Northern Districts look set to revolutionise the New Zealand cricketing landscape by using as many as four overseas players in this season's Twenty20 competition, set down for December.
At the top of the wish-list are two all-rounders - West Indian Kieron Pollard and Australian Andrew Symonds.
Pollard, who has played 50- and 20-over matches but not tests for the West Indies, has a contract offer. He is expected to sign because the New Zealand competition comes in a lull in the schedule for the West Indies and the tournament is seen as a warm-up for the World Cup in February.
The 23-year-old all-rounder is something of a T20 mercenary, despite less than four years as a first-class cricketer.
He can already list South Australia, Somerset, Mumbai and his Caribbean home of Trinidad & Tobago as teams he has played for in the sport's most abbreviated format.
He has visited New Zealand once, for the one-day series in late 2008.
Pollard was the most expensive buy, equal with Shane Bond, at the last Indian Premier League auction, going to the Mumbai Indians for US$750,000.
He played 14 games, producing a strike rate of 186 with the bat and a wicket every 15 balls.
He helped Mumbai to the final where they were beaten by the Chennai Super Kings, despite Pollard making 27 off 10 balls in the chase.
One factor that might delay his decision is a serious right eye injury, sustained batting for Somerset against Hampshire in the English T20 final when a Dominic Cork bouncer sneaked between the grill and lid of his helmet.
ND's close links with the Queensland Bulls mean Symonds is a viable prospect too, given he has not played for Australia in any format since May last year.
ND coach Grant Bradburn worked with the Australian state side last season while they utilised the services of Black Caps skipper Daniel Vettori for the Twenty20 Big Bash.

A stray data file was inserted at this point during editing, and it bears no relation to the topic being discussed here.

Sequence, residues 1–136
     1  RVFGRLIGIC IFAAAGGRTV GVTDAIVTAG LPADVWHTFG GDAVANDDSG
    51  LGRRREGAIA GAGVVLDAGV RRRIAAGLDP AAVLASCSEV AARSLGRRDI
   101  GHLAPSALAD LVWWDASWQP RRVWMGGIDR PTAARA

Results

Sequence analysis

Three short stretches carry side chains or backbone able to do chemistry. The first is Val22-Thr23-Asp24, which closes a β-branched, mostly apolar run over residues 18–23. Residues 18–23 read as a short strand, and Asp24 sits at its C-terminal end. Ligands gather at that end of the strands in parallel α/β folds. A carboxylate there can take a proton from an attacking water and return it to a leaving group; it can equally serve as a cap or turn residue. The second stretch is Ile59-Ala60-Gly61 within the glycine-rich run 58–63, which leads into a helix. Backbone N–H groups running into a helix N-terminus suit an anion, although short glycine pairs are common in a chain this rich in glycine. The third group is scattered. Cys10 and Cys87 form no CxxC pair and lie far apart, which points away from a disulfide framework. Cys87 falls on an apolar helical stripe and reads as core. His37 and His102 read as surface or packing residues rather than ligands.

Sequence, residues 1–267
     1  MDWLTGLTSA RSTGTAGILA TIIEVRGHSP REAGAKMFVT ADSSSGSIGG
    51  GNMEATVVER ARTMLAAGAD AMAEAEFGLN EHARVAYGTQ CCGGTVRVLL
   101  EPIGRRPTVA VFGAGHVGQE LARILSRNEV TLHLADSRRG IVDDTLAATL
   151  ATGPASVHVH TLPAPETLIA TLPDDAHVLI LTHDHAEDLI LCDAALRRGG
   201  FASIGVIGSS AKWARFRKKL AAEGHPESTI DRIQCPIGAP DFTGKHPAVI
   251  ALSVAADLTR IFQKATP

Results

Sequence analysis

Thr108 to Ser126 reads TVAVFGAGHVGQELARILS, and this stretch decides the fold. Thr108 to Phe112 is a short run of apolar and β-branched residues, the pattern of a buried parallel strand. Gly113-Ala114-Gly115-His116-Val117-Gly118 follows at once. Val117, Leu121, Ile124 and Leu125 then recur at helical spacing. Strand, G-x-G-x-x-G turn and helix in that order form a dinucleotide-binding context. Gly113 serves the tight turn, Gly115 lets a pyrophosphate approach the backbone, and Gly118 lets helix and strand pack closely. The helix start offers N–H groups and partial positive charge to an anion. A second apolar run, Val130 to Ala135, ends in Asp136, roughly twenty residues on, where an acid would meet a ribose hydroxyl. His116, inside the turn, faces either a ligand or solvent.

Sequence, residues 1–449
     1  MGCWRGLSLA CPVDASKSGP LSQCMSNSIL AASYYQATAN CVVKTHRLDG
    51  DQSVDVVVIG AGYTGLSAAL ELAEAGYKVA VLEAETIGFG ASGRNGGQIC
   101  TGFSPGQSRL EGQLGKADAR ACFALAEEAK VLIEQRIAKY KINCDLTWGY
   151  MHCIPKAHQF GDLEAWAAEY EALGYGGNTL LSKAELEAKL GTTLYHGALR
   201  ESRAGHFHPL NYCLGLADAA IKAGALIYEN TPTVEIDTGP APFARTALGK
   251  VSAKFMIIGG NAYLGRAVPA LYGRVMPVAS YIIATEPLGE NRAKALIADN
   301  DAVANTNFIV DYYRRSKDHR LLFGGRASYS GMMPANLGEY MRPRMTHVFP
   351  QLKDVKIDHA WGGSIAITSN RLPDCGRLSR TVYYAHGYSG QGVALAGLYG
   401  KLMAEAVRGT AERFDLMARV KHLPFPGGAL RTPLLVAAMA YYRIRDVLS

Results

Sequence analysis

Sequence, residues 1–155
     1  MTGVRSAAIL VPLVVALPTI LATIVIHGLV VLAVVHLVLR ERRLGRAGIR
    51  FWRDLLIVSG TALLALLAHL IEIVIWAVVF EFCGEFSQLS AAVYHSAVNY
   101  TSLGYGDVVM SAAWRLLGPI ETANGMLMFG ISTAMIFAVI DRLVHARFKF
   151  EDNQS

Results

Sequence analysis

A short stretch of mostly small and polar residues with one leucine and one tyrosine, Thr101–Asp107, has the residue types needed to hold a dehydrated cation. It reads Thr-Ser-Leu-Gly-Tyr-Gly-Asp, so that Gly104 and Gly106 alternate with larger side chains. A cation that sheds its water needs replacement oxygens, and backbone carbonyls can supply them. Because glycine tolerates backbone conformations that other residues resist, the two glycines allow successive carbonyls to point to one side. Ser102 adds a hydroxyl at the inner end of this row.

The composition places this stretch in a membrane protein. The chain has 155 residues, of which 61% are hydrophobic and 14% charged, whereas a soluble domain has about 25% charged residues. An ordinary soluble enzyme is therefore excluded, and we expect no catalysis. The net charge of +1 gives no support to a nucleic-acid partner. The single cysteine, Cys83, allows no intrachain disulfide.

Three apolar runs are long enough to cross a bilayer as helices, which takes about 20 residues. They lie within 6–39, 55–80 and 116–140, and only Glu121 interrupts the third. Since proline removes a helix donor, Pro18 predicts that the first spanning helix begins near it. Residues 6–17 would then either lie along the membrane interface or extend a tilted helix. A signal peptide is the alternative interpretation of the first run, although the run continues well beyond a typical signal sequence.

Like Pollard, Symonds has been making the most of life on the T20 circuit, most recently with Surrey and the Deccan Chargers, in addition to the Bulls. Symonds helped the Chargers to second on the round robin standings in this year's IPL, a tournament they won with his services last year.
Disciplinary and drinking problems have seen him stood down from the Australian team indefinitely but he is still a substantial lure for any T20 crowd.
Buoyed by two titles last season (the Plunket Shield and one-day championship), a strong balance sheet and loyal, wealthy sponsors, ND are believed to be on the hunt for further overseas talent for their roster. They have not won the T20 championship.
The South African top order has been one area of interest and ND have not ruled out looking at another big name Australian, possibly a T20 specialist like opening batsman David Warner.
Getting last season's import, Tillakaratne Dilshan, back is understood to have been ruled out as Sri Lanka want him fully fit for the World Cup.
That is despite the influence of Vettori who has become friends with last year's T20 player of the year after their time together at the Delhi Daredevils.
Provincial teams are expected to use two overseas players a game in the HRV Cup so the idea behind ND's roster is that each player will come in for a few games at a time. They would be paid on a pro rata basis, much like the IPL.
Deal-making with overseas players is rife among other provinces, too.
Wellington are understood to have Australian pace bowler Brett Lee in their sights, Canterbury are closing in on nabbing his countryman Shaun Tait and Otago are expected to sign Sussex batting all-rounder Chris Nash.
The added depth to the international contingent is helped by the fact the Australian T20 in January follows on from New Zealand's.